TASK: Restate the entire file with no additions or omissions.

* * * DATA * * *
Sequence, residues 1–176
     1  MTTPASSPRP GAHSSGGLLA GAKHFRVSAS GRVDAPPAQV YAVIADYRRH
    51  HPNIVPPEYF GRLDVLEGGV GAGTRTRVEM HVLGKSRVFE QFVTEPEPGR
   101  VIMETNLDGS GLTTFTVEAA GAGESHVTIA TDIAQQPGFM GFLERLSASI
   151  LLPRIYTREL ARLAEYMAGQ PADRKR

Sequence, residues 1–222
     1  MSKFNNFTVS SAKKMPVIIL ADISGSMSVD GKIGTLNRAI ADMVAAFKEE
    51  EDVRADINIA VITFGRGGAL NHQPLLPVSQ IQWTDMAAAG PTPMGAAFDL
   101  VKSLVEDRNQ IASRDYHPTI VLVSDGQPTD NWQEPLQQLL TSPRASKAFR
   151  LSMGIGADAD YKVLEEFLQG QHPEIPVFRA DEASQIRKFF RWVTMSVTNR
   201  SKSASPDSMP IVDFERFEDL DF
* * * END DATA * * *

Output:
Sequence, residues 1–176
     1  MTTPASSPRP GAHSSGGLLA GAKHFRVSAS GRVDAPPAQV YAVIADYRRH
    51  HPNIVPPEYF GRLDVLEGGV GAGTRTRVEM HVLGKSRVFE QFVTEPEPGR
   101  VIMETNLDGS GLTTFTVEAA GAGESHVTIA TDIAQQPGFM GFLERLSASI
   151  LLPRIYTREL ARLAEYMAGQ PADRKR

Sequence, residues 1–222
     1  MSKFNNFTVS SAKKMPVIIL ADISGSMSVD GKIGTLNRAI ADMVAAFKEE
    51  EDVRADINIA VITFGRGGAL NHQPLLPVSQ IQWTDMAAAG PTPMGAAFDL
   101  VKSLVEDRNQ IASRDYHPTI VLVSDGQPTD NWQEPLQQLL TSPRASKAFR
   151  LSMGIGADAD YKVLEEFLQG QHPEIPVFRA DEASQIRKFF RWVTMSVTNR
   201  SKSASPDSMP IVDFERFEDL DF